So, how’s it going?

IMG_20150607_125024429_HDRIn the first month of the project, I was able to manage the weekly meal prep according to the Meal Planning booklets from 1943/1944.  It would take an entire day to prep the food, which is okay since I like that kind of mindful working. The recipes were good, though notably scaled back from what we were eating prior to the project. One problem though was keeping sandwich bread fresh and soft through the week, especially if I made lunches ahead of time for the week, wrapped in wax paper. By Friday, we felt like we were eating celery/egg sandwiches on toast. Preparing lunches for the day during the morning rush proved too complicated in my routine without losing an hour’s worth of sleep that made me functional for the day. I say it over and over – I don’t know how they did it!

I enjoyed making bread every week. But, I am currently trying to find a recipe for Potato Bread instead of the typical wheat flour recipes I had been using. I’ve been buying instead of making for two months’ time. IMG_20150607_125238013_HDR

I haven’t purchased sugar in over three months’ time. In the beginning of the project I wasworried about supply and running on fumes by the end of the week. That was also at the time I was following the meal planning booklets closely. We’re not eating desserts at the end of each meal. The worst craving was for Oreo cookies and with their invention in 1912, they actually were on the allowed list.

We have a huge (to our standards) “Victory” Garden. It’s a pain to keep up. During WWII people were encouraged to useIMG_20150607_130141634 every inch of lawn space for a Victory Garden. We’re only using about 1/8th of our yard for it and I can’t keep the weeds down.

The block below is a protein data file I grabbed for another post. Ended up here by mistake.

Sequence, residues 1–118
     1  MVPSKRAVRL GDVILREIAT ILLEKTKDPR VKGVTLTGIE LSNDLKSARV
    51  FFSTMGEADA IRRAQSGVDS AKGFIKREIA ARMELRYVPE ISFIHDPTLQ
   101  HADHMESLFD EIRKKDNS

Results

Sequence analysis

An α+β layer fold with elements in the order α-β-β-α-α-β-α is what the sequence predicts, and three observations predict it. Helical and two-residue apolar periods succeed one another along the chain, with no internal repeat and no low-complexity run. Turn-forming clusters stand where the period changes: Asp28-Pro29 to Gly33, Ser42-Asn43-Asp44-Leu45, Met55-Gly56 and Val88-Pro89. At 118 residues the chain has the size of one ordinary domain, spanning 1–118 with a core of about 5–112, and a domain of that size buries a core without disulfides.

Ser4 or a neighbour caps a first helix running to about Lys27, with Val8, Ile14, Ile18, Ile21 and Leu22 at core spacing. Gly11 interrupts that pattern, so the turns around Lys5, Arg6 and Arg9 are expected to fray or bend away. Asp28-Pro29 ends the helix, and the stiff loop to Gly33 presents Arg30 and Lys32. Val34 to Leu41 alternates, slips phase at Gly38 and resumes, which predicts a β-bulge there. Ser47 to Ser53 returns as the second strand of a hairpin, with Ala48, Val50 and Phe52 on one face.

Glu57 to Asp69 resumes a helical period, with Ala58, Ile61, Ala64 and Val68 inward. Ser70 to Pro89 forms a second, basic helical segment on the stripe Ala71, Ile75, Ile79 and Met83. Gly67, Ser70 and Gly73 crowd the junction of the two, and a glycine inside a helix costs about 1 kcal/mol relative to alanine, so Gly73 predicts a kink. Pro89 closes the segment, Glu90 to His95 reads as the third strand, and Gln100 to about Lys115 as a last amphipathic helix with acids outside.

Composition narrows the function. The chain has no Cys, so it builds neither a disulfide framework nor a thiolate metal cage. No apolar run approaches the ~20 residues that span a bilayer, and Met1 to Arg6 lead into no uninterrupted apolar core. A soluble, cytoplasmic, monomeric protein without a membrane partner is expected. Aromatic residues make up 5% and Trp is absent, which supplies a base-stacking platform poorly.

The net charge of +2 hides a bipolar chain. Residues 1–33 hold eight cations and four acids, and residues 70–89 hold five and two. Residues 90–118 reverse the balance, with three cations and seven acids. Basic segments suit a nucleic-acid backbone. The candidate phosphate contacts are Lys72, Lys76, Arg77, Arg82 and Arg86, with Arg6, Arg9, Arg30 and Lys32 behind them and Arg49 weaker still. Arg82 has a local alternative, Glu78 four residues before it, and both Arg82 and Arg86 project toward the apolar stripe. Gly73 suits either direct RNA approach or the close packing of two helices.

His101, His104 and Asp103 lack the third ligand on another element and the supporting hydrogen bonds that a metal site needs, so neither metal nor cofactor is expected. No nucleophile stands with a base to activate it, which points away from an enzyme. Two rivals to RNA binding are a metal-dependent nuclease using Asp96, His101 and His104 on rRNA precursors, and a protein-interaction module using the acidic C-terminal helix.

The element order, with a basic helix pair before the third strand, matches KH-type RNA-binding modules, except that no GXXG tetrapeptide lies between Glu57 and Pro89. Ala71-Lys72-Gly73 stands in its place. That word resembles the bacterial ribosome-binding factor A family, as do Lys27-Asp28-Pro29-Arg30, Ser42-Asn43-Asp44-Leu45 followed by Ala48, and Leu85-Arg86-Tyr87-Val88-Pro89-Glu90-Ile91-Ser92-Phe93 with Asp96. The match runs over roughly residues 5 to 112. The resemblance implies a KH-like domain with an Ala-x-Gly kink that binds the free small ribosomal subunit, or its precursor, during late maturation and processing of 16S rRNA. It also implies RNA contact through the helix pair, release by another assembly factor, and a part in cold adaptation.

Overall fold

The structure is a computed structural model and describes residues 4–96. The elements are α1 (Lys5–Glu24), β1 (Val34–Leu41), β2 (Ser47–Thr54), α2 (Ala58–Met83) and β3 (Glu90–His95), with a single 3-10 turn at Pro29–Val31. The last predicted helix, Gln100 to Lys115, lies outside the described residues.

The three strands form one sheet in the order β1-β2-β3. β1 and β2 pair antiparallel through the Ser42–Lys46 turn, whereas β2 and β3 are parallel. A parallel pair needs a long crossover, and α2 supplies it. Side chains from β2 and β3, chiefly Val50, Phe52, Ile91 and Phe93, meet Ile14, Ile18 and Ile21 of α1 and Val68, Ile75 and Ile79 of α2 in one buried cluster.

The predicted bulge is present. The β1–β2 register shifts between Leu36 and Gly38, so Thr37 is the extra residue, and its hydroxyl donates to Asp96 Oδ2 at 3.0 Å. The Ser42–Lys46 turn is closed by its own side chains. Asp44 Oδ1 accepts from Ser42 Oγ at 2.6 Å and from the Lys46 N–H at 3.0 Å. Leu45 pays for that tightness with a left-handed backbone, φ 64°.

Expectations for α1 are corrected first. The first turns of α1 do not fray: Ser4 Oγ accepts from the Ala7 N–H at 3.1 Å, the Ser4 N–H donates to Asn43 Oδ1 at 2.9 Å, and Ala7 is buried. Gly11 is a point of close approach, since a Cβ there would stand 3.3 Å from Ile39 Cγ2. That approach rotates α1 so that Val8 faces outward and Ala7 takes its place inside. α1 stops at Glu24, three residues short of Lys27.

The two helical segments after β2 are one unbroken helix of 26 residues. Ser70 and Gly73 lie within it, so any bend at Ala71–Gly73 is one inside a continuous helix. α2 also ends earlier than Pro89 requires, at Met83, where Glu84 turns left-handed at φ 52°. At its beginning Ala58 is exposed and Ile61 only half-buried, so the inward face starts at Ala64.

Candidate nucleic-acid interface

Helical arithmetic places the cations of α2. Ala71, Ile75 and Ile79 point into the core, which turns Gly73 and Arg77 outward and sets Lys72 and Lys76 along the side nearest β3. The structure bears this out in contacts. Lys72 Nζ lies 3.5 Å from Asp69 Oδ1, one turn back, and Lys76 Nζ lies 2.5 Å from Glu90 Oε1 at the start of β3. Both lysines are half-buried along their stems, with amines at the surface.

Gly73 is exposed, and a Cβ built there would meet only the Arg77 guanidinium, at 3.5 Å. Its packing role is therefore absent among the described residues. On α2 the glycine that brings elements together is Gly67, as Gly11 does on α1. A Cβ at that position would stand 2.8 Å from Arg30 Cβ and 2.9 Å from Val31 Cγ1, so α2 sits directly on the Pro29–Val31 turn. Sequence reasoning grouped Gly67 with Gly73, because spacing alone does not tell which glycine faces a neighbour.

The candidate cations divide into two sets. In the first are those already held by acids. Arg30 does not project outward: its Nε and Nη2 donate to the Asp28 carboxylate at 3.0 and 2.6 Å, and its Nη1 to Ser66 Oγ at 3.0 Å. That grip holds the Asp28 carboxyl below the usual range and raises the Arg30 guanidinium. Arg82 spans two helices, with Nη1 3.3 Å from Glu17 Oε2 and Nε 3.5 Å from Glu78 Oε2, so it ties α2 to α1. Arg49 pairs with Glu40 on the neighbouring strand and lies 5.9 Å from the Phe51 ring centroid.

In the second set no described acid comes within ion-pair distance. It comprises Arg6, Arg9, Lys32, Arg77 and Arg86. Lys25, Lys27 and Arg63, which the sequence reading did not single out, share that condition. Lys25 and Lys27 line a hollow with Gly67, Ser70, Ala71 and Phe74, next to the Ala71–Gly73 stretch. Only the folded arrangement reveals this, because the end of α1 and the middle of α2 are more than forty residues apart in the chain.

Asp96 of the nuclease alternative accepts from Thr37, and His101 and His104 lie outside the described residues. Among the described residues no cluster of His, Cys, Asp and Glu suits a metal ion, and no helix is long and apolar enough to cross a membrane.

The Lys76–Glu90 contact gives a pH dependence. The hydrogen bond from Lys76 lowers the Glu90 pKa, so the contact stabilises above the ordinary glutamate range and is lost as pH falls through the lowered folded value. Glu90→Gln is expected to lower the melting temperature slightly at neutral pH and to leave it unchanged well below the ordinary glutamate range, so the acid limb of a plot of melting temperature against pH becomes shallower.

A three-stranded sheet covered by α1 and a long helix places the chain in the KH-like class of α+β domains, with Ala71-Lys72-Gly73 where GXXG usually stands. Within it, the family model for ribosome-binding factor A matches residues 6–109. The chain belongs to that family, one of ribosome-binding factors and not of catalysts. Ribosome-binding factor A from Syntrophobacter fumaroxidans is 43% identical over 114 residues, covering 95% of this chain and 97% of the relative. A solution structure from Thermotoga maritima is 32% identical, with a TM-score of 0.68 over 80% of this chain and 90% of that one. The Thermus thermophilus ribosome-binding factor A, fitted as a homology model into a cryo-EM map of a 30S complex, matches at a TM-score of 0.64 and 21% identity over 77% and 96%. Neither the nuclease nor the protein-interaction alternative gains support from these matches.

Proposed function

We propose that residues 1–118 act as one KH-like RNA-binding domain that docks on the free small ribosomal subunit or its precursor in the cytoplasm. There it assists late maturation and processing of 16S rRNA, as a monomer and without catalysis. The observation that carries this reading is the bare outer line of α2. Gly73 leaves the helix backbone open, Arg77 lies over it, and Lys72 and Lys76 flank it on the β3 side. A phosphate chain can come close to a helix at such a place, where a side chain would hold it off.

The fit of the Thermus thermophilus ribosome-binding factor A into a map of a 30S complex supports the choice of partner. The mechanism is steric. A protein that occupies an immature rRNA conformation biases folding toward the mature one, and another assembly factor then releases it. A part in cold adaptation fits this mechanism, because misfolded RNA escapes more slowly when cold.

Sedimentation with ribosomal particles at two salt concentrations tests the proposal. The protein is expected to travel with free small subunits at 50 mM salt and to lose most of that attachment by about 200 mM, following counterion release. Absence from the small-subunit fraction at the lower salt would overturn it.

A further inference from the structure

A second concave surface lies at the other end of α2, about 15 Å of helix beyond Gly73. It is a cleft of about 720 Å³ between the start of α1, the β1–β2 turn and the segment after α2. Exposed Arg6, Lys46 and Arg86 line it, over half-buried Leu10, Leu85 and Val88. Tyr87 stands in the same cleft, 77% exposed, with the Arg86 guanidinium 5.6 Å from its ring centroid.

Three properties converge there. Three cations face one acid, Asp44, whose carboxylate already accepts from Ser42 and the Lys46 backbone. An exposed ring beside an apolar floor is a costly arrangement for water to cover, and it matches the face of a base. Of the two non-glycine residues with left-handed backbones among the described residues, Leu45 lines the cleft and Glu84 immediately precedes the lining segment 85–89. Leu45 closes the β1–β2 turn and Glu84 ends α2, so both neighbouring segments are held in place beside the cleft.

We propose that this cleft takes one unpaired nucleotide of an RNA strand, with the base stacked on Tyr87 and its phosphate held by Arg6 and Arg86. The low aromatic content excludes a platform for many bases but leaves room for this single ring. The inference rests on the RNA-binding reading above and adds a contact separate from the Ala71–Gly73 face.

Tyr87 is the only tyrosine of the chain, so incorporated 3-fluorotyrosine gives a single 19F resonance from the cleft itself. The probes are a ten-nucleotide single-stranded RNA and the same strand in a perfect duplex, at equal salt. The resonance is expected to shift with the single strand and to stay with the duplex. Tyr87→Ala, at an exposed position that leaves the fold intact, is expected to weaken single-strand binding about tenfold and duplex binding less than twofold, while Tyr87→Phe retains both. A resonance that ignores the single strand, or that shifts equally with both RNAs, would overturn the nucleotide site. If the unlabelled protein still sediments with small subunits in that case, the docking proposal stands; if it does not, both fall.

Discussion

Plastic containers have left our kitchen for good. It didn’t take long to switch over to glass. I’m still using freezer bags in the freezer since I IMG_20150607_125310473_HDRcouldn’t come up with a better solution. Utensils were a challenge to replace and I have scrounged around antique shops and estate sales to repurchase non-plastic measuring spoons, cups, and such. One recipe booklet told me to use a rubber spatula to scoop something out of a jar. I was elated! I would easily nominate rubber spatulas as the greatest kitchen invention of modern time. Something so simple, right?

IMG_20150607_125521396It is rare for food to be thrown out. My mother is a master of leftovers and it’s taking me practice to get there, but I’ve greatly improved on food waste. The solution is to not buy things special for a recipe that I’ll only use once and don’t buy anything I don’t need, period. There is always a suitable substitute for ingredients, or you can omit (Use It Up, Wear It Out, Make It Do or Do Without).

I haven’t purchased cleaning supplies in six months. Yes, I still clean the house! Vinegar, Borax, baking soda, lemon juice/oil all do the job. For everything. When a t-shirt is beyond its wearable lifespan, it is cut up into four rags. Which can be rewashed.